Every left wing judicial activist is wetting his pants right now thinking about how the logjam of judicial appointments, largely constructed by Sen. Charles Schumer (D-NY), is about to be broken. The long list of President Bush’s nominations, which Schumer held up because the nominees were NOT left wing judicial activists, is about to be swept aside. Now there are unlikely to be nominees who aren’t be vetted by Schumer, the ACLU, the National Lawyers Guild and even CAIR.
If it weren’t such an outright lie it would be funny to hear statements like these:
Democrats and allied advocacy groups expect President-elect Barack Obama to put a progressive stamp on the federal judiciary, saying it has veered too far right under President Bush.
For those with short memories lets reexamine how President Bush tried to be bipartisan from the outset of his administration and had his efforts thrown back in his face by Schumer, Leahy and every other democrat in the Congress.
…on May 9, 2001, President Bush held an event in the East Room to introduce to the country and to the Senate his first 11 nominees to the federal bench. He invited leaders from both parties. I distinctly remember seeing Senator Leahy — then chairman of the Judiciary Committee — in the room. There were a record number of judicial vacancies, including numerous judicial emergencies designated by the non-partisan Administrative Office of the U.S. courts, and President Bush had moved with record speed to get a slate of nominees up to the Senate.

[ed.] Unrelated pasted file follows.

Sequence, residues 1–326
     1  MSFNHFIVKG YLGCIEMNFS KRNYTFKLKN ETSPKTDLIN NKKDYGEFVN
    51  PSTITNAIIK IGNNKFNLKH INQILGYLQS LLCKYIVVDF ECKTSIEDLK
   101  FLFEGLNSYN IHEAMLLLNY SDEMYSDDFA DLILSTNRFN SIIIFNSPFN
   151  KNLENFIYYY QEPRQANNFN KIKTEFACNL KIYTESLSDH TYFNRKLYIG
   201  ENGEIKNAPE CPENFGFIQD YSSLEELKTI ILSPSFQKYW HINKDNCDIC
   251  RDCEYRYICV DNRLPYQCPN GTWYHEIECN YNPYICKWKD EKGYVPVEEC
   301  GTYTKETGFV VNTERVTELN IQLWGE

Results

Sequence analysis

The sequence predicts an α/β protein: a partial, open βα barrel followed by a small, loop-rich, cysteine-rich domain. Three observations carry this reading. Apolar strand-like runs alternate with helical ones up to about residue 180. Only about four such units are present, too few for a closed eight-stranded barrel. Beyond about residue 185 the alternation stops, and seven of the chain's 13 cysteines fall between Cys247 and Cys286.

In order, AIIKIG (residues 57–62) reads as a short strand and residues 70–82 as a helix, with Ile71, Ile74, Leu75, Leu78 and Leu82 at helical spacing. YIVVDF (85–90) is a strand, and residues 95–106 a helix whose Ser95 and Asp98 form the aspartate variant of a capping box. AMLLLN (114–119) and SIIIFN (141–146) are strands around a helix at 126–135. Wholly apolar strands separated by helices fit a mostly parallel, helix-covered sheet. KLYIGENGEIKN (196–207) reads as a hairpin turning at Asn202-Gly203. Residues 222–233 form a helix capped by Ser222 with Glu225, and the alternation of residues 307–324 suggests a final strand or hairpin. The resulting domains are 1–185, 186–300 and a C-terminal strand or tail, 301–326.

The president presented a slate of well-qualified, mainstream nominees. The slate was racially diverse. It included a mix of men and women. And, perhaps most importantly, it included both Republicans and Democrats. People forget this, but two of the original eleven were judges originally nominated by President Clinton: Roger Gregory and Barrington Parker. In the case of Judge Gregory, it was the first time in history that a president had re-nominated a failed circuit-court nominee originally nominated by his predecessor from the other political party. This was unprecedented and highly significant, and it was intended to send a message. It was an olive branch. The president highlighted it in his speech that day, asking the Senate to move beyond the bitterness of the past in the judicial wars and to start afresh in a spirit of cooperation and good faith.
The Democrats took the olive branch the president extended and slapped him in the face with it. They immediately held hearings for, and confirmed, the two Democrats among the nominees and then held up the rest, refusing even to hold hearings for a long time on most of them. They then complained incessantly (and, for the most part, falsely) about not having been adequately consulted by the White House with regard to these nominations. And they executed the play suggested by Professor Tribe, Marcia Greenberger, and others at a Democratic strategy session on how to block Bush judicial nominations — a session held before the president had even taken office — when they scheduled hearings under Senator Schumer to try to legitimize the notion that judicial nominations could be blocked on ideological, rather than competence grounds.
Now that the most radically left wing president in history has been elected you can be assured that his nominees, no matter how radical, will have no difficulty passing Chucky Schumer’s litmus test.
Hat Tip: Gateway Pundit